As I prepared to speak on another Advent Sunday, I cannot believe the similarities of agony and suffering that is told in the passages I was reading and then turning on the news and watching unfold in Connecticut. The beginning of God's reign on earth was in the midst of bloodshed and evil visited upon the most vulnerable and innocent among us: children.
A child was born and children died in the Christmas story.
"When Herod realized that he had been outwitted by the Magi, he was furious, and he gave orders to kill all the boys in Bethlehem and its vicinity who were two years old and under, in accordance with the time he had learned from the Magi. Then what was said through the prophet Jeremiah was fulfilled:
“A voice is heard in Ramah,
weeping and great mourning,
Rachel weeping for her children
and refusing to be comforted,
because they are no more.”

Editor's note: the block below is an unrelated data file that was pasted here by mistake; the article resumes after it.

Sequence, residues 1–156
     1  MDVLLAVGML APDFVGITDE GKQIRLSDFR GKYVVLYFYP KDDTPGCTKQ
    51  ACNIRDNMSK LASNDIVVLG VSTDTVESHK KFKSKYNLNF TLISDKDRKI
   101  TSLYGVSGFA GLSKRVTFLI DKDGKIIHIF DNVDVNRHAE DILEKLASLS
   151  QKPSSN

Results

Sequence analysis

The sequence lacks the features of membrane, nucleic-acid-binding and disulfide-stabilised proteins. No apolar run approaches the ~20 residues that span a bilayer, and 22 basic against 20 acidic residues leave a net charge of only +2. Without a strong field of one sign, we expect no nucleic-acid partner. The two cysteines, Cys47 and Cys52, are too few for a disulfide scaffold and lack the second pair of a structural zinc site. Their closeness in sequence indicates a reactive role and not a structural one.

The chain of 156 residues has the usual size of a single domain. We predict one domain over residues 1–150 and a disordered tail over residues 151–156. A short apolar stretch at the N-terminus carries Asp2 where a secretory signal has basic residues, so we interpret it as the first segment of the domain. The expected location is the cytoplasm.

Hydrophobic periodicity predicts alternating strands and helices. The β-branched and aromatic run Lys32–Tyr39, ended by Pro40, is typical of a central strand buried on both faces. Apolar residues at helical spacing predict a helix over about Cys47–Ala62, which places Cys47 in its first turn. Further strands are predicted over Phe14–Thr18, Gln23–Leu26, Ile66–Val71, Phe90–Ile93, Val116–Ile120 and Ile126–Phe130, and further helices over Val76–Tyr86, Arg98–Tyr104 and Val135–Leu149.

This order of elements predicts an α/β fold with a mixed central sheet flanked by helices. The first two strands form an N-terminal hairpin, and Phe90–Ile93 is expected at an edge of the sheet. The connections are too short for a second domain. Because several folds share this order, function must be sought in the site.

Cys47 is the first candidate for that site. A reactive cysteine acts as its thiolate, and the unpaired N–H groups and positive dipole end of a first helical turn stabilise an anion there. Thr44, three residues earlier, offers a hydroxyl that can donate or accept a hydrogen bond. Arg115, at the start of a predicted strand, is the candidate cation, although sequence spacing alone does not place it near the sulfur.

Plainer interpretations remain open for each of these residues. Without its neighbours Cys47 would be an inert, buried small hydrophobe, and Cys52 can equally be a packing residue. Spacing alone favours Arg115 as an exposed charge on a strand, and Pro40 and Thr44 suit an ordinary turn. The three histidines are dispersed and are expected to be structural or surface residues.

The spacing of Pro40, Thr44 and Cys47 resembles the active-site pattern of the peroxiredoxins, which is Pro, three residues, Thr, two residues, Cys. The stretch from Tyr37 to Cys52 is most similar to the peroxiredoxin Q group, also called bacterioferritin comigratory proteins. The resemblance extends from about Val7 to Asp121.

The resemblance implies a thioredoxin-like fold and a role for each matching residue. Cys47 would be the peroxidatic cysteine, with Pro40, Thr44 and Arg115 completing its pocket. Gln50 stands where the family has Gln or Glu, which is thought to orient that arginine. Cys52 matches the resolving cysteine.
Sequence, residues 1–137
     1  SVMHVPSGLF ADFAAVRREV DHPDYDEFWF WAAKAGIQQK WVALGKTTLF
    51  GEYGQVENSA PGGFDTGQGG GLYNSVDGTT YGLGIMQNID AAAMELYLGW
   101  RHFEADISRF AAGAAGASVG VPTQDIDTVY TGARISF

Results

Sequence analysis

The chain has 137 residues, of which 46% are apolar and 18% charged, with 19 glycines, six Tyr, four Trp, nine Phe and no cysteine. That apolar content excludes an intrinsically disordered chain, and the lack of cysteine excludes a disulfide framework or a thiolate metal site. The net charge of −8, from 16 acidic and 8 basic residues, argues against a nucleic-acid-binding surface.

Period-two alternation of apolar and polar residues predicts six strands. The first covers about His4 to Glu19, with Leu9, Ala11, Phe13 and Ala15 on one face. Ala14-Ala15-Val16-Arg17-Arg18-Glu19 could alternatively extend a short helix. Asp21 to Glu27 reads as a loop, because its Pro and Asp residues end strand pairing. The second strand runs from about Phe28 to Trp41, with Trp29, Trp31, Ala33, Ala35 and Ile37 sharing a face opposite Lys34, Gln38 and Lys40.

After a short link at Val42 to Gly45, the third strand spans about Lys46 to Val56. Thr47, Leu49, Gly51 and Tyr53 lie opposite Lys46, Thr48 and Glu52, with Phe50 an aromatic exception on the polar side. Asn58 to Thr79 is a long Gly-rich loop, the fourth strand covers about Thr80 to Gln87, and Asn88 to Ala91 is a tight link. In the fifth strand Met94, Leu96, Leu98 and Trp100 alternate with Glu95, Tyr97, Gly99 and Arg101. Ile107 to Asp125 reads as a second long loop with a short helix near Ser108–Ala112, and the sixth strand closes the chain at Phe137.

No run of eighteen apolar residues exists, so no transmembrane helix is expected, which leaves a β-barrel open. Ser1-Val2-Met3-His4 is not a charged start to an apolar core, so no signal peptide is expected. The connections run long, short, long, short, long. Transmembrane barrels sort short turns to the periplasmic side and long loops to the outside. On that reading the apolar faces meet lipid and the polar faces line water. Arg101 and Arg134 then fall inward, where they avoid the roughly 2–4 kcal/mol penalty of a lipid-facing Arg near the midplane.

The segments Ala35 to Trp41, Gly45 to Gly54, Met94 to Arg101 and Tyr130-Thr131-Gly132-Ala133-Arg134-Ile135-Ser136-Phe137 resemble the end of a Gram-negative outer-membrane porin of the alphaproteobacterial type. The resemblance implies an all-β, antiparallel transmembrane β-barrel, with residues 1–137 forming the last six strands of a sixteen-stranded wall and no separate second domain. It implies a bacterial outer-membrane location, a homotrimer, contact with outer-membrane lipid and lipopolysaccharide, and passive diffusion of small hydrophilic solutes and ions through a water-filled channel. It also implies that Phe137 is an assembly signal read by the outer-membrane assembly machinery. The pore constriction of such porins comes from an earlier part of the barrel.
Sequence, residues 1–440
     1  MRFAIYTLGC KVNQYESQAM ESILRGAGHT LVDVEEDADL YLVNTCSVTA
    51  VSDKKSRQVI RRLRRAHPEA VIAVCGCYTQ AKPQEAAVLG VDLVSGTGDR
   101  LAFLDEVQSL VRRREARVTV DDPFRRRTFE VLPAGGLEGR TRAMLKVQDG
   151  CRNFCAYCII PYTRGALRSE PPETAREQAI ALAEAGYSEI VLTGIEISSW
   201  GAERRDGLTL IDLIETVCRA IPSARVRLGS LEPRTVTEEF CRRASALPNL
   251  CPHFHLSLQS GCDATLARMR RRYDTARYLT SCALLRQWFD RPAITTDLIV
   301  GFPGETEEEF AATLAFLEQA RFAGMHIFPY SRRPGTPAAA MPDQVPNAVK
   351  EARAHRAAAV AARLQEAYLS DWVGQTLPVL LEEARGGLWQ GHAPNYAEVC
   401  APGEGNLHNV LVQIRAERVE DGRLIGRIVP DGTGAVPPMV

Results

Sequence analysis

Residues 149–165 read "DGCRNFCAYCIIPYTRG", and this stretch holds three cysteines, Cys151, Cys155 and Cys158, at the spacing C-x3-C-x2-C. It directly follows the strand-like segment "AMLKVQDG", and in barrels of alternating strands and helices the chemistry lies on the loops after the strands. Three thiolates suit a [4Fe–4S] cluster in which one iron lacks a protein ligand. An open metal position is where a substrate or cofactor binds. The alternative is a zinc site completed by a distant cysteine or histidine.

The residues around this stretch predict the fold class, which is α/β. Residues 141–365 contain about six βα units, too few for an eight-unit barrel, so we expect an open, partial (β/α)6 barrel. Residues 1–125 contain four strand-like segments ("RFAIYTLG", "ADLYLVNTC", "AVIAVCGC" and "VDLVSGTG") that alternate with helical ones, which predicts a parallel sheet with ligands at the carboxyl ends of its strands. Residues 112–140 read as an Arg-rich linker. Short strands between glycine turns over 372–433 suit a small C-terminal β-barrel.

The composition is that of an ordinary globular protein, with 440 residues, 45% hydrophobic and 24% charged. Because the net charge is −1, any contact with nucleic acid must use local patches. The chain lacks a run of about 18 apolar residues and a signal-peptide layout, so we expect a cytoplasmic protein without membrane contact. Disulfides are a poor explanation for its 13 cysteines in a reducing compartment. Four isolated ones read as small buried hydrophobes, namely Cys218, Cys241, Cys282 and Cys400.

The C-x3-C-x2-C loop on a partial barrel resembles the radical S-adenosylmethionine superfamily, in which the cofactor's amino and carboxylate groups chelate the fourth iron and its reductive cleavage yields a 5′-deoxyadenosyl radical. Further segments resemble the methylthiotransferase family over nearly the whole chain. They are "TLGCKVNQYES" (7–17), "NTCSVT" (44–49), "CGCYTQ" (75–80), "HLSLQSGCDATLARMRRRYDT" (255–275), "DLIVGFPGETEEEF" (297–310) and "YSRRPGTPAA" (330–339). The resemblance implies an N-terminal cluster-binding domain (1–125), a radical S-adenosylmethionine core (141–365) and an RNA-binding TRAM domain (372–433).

Advent is a foreboding time as Liv Larson Andrews wrote in her piece on Spokane Faith and Values. It's impossible to read Mary's prophetic and hopeful prayer on one page and then descend into madness in the next without a ton of questions. Life and death woven together in the coming of God, unbelievable glory and unspeakable horror all wrapped up in the narrative of Christmas.
It's hard for me to know how to respond to the tragic events this week. I am left struggling with questions more than answers. But as I read the Advent story this week, I found the real truth of humanity played out in all it's trauma and drama in the passages. One family saved, another died, blood spilled by madmen, divine rescues, visitations and violence and all wrapped up in a eternal moment of time.
All I can say in these difficult times of tragedy, is that God is here— a dream being born among the nightmare.